Given the state of the art of digital audio today, 99.99% of all digital audio music players, software and hardware measured distortion figures, jitter levels, noise levels, comparisons, whatever, again pick your poison, all measure -90 dB or (much) lower, how is it that anyone of us can say we hear any audible difference at regular listening levels? It seems the only ones disputing this are some folks that have a vested interest in the consumer digital audio industry.

    Audiophiles learn about the decibel and learn your own audibility threshold. Once you do, you will be free of any attempt by “the consumer digital audio industry” to convince you that one can hear infinitesimal measured differences between any digital audio bit-perfect playback software, lossless file formats, converters, digital cables, whatever, as you know what your digital audio audibility threshold is and anything below that is simply inaudible.

    Apologize for the length Archimago. Wishing you Happy Holidays and a Happy New Year!

    All the best, Mitch

    1. I fully agree that audiophiles who are interested in finding the(ir) truth should educate themselves. It's what I did as I started doubting the audio media about 30 years ago and thus did many audibility tests to find out MY thresholds. I am glad I did ...

      The problem with educating/testing yourself is that (IMO) you need to have more than just basic knowledge about audio related things to test yourself (or gear) properly.
      Here's one for instance that is educational:
      don't forget the tab 'blind listening tests':

      It is easy to test things in the wrong manner though or to look for 'tests' in the wrong places (websites/forums).
      Even mr Dudley and people like S. Guttenberg and M. Colloms (as well as many others) are well educated in audio related things but simply have 'searched' in a different direction and 'believe' different things based on their own observations. Even if I don't agree with most of it ...

      WHERE one searches for their 'truth' depends on what someone 'believes' and the 'tests' one sees in the places they prefer to look (websites/forums).
      Usually one only visits forums where there is a lot of 'confirmation' of their own experiences and 'other minded' forums is made fun off or rejected.

      Secretly I read all 'types' of forums now and then. It makes me laugh, cry, disagree or agree wholehartedly.
      I rarely see people looking outside of their comfort zone and test in other ways then they are used to, or better yet, test themselves instead of their gear.

      I recommend the latter very highly but the results of this depends on 'belief' and which tests you take to make up your mind.

      But in any case... Happy Holidays and a great 2015 from me as well.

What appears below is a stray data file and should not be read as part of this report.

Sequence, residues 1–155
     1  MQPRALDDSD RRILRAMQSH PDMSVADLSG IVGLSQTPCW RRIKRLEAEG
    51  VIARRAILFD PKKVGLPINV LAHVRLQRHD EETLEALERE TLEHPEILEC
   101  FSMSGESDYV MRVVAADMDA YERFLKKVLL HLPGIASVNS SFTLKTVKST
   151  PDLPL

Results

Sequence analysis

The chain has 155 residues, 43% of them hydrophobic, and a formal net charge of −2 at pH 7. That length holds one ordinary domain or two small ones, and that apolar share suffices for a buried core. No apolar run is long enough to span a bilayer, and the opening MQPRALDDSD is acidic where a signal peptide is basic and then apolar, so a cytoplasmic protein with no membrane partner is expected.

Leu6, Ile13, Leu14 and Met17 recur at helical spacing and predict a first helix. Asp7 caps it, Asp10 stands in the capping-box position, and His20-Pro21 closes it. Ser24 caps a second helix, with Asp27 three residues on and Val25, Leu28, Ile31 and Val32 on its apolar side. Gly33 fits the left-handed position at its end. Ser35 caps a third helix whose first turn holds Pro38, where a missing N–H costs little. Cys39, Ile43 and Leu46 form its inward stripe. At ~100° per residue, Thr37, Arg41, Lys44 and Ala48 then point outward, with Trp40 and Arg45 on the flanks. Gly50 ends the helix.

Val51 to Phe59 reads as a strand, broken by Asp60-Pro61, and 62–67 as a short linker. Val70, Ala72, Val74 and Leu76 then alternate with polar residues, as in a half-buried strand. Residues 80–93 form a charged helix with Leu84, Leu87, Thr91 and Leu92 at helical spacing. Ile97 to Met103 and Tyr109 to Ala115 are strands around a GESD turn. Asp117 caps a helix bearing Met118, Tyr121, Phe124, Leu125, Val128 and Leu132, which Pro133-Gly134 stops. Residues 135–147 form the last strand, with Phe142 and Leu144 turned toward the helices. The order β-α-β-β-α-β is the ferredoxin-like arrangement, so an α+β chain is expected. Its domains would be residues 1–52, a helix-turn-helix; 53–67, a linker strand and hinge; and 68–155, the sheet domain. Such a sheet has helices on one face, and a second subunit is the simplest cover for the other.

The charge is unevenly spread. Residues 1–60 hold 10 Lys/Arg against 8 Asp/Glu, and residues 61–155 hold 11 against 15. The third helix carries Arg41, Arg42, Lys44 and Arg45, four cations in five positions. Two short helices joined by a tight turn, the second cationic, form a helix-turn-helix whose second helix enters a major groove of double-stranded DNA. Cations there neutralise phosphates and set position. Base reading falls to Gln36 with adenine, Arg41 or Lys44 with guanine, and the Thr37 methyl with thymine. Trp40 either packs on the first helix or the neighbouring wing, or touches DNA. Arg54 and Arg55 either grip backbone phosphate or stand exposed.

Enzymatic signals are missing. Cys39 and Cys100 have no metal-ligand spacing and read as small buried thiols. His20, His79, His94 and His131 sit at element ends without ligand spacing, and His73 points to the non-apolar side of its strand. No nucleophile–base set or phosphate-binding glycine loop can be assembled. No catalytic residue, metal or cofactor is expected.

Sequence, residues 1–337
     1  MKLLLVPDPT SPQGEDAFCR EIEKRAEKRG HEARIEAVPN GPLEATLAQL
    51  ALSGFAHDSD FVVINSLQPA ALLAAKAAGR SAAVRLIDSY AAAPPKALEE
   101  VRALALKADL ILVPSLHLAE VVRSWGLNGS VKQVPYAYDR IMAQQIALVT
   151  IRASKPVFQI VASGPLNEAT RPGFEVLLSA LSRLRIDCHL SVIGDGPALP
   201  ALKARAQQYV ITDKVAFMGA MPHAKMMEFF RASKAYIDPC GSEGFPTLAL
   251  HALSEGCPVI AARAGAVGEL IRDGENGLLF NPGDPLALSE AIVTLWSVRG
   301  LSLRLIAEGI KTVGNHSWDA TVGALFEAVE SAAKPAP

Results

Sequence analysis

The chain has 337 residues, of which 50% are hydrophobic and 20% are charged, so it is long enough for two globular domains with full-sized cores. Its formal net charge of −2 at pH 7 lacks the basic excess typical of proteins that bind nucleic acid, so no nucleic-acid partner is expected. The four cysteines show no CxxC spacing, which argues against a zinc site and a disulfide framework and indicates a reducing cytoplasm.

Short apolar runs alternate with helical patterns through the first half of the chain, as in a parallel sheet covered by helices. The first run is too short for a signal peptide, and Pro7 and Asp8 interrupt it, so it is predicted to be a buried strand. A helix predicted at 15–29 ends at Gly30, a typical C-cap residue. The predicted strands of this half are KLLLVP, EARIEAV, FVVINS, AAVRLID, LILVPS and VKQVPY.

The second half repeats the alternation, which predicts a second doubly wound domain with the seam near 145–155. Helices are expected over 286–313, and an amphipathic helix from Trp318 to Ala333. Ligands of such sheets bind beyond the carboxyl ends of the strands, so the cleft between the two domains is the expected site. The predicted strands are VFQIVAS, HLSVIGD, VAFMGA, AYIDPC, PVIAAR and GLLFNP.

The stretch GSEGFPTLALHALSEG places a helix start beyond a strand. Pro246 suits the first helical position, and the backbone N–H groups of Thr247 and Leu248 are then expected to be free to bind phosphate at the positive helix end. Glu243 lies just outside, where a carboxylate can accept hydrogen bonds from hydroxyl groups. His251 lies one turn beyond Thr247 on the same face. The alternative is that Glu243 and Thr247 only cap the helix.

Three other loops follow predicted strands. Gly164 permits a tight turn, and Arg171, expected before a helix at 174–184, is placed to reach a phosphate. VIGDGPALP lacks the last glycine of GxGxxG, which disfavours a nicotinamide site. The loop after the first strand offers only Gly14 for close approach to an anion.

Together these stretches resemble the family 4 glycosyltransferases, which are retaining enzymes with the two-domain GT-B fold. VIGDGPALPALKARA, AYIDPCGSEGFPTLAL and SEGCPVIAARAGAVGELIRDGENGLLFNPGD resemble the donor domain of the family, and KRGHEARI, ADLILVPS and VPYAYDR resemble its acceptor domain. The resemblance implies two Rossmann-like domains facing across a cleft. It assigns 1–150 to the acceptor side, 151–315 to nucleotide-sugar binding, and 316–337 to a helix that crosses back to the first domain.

4. As Mitch pointed out it is indeed about the magnitude of the “problem”.

    I really love the signature of Thorsten (Loesch)
    “At 20 bits, you are on the verge of dynamic range covering fly-farts-at-20-feet to untolerable pain. Really, what more could we need?”

    Indeed -120 dBFS is a loud as a fly fart.
    But true audiophiles will hear it without a doubt!
    Not to mention the horrible smell.
    BTW: the smell proves that measurements are flawed by design!

    Anyway, although facts can’t beat faith, keep up the good work.

    A Happy 2015

  5. It is hours away from a new year and I have spent the last week sitting at home with a cold surfing the internet. For some stupid reason I got hooked on some audio forums and ended up having several posts deleted because I stated facts (objectivism) that some did not like to hear, like a CD has a better SNR than an LP.
    I was accused of trolling or not understanding audio, or not having good enough equipment to be able to hear the difference.

    Well, lucky for me I received a great belated Xmas gift. I stumbled on this blog while looking for some evidence to show that 5ps of jitter is not audible (but of course my ears aren't good enough to hear this shift). This blog is great and I hope more people find it. I work with the audio industry and there are some really great engineers out there doing good work, but there are plenty of snake oil salesmen and bad marketing people that really mess things up.

    I was getting so frustrated I was thinking of buying an Audio Precision SYS2722 and start doing my own tests, but this blog has stopped me from doing that. Someone is already doing measurements and someone has pointed at that you probably won't be able to sway the subjectivist no matter what you do.

    Thank you very much Archi, I look forward to more reading in the future!